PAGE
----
Two years after Jenni Rivera's death, estate sues airplane companies over fatal crash

The estate of Mexican-American superstar Jenni Rivera on Monday sued the owners of a Learjet that crashed two years ago, killing the singer and several members of her entourage.

The lawsuit is a negligence case against Starwood Management Inc., which owned the Learjet 25 that crashed in northern Mexico in December 2012 after plunging more than 28,000 feet. Also named in the suit the companies that serviced the aircraft, Bombardier Inc. and Learjet Inc.

Rivera's company has been sued along with Starwood by relatives of others killed in the crash, including Rivera's attorney, hairstylist, publicist and makeup artist and one of the plane's pilots. Attorneys are scheduled to update a judge Wednesday on the progress of settlement talks between her company and the relatives.

A representative for Starwood could not be found for comment. An attorney representing the company left the case earlier this year and has not been replaced.

An after-hours message left for the Quebec-based Bombardier was not immediately returned.

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Rivera, 43, was known as the "Diva de la Banda" and died at the height of her career. She was perhaps the most successful female singer in grupero, a male-dominated Mexican regional music style, and had moved into acting and reality television.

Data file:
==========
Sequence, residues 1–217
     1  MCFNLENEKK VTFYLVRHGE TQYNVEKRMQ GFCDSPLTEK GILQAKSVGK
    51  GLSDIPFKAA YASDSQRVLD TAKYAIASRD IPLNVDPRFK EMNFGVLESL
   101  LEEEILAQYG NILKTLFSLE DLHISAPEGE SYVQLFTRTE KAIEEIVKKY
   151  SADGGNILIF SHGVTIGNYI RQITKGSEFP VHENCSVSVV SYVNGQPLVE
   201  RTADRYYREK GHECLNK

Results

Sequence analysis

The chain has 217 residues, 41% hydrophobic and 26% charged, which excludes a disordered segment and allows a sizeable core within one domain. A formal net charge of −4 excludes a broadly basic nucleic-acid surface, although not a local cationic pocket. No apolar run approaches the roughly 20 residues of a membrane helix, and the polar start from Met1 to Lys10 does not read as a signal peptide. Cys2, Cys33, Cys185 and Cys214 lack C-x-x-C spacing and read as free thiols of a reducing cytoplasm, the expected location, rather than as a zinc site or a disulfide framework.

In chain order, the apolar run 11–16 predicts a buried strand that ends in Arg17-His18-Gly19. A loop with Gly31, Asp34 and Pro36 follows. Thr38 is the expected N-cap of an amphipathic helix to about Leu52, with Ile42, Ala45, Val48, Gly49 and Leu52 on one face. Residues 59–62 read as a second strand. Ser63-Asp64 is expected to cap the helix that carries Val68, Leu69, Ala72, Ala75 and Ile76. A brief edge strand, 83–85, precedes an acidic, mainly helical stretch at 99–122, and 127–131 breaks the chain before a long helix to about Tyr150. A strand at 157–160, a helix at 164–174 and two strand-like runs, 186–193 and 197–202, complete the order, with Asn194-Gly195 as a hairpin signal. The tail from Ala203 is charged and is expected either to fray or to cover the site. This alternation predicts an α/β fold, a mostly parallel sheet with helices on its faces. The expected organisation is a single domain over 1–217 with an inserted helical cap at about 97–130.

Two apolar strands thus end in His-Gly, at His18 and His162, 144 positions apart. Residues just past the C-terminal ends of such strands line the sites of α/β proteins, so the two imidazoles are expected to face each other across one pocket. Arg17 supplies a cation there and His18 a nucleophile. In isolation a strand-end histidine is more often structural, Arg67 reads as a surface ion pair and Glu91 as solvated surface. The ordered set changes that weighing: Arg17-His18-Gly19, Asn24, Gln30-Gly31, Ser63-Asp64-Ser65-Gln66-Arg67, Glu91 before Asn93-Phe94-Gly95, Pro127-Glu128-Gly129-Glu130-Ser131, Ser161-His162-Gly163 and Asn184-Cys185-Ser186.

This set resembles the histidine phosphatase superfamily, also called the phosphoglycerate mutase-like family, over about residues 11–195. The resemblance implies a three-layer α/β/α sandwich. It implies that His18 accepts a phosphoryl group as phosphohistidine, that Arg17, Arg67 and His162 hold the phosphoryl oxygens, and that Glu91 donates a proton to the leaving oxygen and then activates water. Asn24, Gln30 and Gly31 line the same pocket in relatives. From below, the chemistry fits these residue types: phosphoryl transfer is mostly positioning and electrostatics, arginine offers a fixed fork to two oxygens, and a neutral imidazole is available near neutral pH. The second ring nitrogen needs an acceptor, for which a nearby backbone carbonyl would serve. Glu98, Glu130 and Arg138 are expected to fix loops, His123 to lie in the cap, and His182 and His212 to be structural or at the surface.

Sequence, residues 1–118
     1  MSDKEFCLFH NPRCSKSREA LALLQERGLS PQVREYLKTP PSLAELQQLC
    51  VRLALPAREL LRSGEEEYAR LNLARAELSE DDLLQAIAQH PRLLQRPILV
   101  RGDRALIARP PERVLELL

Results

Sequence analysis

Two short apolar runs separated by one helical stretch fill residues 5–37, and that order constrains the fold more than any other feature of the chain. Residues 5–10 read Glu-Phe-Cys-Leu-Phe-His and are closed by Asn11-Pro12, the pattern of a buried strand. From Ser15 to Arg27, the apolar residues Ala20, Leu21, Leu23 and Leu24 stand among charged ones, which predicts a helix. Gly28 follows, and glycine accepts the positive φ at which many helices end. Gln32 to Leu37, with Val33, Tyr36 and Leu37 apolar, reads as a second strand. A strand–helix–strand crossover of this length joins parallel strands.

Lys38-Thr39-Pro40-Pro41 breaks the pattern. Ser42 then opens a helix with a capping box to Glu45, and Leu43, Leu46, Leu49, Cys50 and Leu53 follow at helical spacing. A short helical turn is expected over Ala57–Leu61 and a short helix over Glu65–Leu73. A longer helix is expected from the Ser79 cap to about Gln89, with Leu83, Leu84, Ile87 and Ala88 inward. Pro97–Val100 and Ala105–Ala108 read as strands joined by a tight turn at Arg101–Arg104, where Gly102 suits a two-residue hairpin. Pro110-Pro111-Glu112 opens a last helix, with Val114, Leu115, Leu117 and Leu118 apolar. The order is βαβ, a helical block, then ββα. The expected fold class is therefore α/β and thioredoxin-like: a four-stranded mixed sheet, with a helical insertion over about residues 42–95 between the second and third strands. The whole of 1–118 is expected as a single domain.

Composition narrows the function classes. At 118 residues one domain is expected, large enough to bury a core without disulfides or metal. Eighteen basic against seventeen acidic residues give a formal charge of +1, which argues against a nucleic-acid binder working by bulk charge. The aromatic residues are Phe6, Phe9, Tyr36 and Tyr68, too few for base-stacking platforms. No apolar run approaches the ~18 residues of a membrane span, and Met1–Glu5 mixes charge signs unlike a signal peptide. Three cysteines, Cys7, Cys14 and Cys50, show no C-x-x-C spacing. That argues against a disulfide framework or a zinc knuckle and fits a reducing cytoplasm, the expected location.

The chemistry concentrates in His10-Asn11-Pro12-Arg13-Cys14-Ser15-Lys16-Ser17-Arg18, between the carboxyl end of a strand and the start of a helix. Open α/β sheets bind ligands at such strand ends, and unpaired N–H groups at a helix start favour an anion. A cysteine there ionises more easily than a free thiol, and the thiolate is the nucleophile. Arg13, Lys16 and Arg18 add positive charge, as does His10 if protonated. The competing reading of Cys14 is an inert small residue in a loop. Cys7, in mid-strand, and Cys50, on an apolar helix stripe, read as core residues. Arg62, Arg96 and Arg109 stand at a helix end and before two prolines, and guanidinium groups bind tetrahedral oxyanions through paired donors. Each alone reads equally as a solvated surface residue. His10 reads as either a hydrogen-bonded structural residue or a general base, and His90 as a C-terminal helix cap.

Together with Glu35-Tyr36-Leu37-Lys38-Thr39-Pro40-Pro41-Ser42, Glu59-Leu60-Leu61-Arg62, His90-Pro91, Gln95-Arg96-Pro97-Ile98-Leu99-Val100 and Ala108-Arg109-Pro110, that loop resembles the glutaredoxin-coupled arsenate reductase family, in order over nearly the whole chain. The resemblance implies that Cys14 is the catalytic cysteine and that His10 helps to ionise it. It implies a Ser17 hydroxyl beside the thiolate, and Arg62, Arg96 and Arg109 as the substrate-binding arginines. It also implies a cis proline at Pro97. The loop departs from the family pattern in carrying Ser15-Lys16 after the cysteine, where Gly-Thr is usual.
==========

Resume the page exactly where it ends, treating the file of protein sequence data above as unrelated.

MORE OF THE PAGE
Rivera sold more than 15 million records over her career.

Her parents and five of her children, two of whom are still minors, are plaintiffs in the case. The suit seeks unspecified damages on their behalf.

Rivera's widower, former Los Angeles Dodgers pitcher Esteban Loaiza, also had sued Starwood for wrongful death. A request by his attorneys to dismiss the case was granted in late October, court records show. Loiaza's suit contended the pilots flying Rivera and her entourage were not properly licensed and that the plane's airframe was damaged in a 2005 accident.

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